Uber fires robo car exec for insubordination
Self-driving star Anthony Levandowski told to show himself out
Uber has fired Anthony Levandowski, the technology exec at the center of Waymo's lawsuit against the ridesharing company that alleges theft of self-driving car secrets and patent infringement.
Uber's chief legal officer Salle Yoo dropped the ax on Tuesday in a letter obtained by several media organizations, including The New York Times and The Guardian.
Citing Levandowski's failure to comply with a May 15 letter from the company demanding cooperation with a court order to produce documents in the Waymo litigation, Yoo declares that Levandowski has violated his contract and is terminated immediately.
Levandowski has the option to reverse his termination by meeting Uber's demands within the next 20 days.
Levandowski worked at Google (and later Waymo, once Google moved its self-driving car unit under parent company Alphabet) on self-driving cars before leaving to start a self-driving truck company, Ottomotto, which Uber acquired last year for $680m.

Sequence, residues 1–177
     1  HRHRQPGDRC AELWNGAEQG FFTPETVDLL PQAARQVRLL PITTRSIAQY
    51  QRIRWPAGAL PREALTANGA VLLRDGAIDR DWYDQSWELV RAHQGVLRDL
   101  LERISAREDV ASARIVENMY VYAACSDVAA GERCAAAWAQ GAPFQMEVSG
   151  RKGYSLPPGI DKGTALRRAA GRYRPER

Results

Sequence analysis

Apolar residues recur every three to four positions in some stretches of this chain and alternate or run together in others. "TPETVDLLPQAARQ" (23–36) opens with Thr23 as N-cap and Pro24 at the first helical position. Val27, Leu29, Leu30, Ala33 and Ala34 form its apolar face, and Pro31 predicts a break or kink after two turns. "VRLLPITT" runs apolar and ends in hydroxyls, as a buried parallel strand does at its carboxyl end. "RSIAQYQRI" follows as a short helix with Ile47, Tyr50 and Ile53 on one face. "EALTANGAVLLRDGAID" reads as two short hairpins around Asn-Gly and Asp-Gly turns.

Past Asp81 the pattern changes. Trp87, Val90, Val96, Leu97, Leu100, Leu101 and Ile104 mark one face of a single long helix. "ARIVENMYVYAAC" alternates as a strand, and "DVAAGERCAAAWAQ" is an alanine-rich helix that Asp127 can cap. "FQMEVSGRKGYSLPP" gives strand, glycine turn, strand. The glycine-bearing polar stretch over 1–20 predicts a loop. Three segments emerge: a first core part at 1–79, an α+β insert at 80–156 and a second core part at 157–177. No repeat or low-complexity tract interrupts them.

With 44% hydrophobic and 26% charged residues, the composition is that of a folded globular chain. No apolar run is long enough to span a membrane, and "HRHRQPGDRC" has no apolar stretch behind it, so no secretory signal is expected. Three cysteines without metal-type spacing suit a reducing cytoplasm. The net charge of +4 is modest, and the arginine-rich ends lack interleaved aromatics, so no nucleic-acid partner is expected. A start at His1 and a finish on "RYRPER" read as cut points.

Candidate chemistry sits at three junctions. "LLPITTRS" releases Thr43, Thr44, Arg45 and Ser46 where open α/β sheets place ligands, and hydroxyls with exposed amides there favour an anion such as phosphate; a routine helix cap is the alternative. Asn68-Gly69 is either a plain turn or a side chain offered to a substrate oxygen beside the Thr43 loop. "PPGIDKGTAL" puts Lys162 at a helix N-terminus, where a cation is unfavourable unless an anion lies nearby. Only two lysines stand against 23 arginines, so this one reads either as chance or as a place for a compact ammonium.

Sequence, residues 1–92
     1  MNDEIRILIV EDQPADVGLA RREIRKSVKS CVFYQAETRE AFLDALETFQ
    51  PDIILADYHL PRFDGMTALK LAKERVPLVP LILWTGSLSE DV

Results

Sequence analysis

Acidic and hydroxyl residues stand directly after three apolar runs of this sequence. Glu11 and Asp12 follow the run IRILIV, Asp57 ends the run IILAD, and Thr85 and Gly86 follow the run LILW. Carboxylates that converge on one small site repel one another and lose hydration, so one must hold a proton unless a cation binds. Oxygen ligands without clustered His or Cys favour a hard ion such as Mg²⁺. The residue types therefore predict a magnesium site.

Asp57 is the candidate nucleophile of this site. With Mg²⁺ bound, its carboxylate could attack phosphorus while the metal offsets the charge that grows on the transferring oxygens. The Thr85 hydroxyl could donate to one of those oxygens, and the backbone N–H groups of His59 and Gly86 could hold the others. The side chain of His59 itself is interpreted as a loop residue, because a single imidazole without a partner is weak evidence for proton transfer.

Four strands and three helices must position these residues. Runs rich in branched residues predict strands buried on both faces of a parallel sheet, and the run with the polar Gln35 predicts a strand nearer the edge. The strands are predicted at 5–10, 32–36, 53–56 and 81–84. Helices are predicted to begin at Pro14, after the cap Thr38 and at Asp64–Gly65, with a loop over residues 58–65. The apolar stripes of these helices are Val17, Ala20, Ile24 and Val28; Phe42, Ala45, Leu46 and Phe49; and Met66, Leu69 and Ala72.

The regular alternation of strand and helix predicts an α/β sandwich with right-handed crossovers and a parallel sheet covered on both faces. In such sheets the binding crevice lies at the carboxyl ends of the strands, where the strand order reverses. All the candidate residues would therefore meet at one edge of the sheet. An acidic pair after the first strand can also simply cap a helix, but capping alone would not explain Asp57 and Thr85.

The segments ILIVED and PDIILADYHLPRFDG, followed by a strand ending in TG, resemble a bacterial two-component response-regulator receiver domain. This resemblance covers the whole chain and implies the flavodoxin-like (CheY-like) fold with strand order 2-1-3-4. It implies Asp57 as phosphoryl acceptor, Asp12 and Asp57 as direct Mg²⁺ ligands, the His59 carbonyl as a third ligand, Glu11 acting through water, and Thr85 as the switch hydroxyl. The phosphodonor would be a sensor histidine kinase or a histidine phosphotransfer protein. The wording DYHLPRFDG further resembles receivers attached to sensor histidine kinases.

In February, Waymo sued Uber claiming that Levandowski, without authorization, downloaded more than 14,000 confidential documents related to LiDAR mapping and navigation systems before leaving Google.
In late March, Levandowski asserted his Fifth Amendment right to avoid self-incrimination. At the time, according to The New York Times, Uber maintained that "Anthony Levandowski has not used any files from Google in his work with Otto or Uber."
Uber subsequently said it doesn't use the technology in question. But that defense hasn't helped much.
In May, the US federal judge overseeing the case ordered Uber to take the necessary steps to ensure that its employees return stolen files to Waymo and barred Levandowski from working on LiDAR or related projects at Uber.
In footnotes, Judge William Alsup explained that his order should not be misconstrued as an attempt to punish Levandowski for asserting his Fifth Amendment rights; rather it directs Uber, as a private employer, to take all necessary steps to ensure that its employees cooperate.
"If Uber were to threaten Levandowski with termination for noncompliance, that threat would be backed up by only Uber's power as a private employer, and Levandowski would remain free to forfeit his private employment to preserve his Fifth Amendment privilege," the judge wrote.
Uber did just that in its May 15 letter. And faced with Levandowski's ongoing refusal to cooperate, Uber has made good on its threat.
An Uber representative in an email to The Register said that the company has sought Levandowski's cooperation for several months and confirmed that Levandowski has been fired.
Uber employees previously reporting to Levandowski will now report to Eric Meyhofer, who has been in charge of Uber's Advanced Technologies Group since April. ®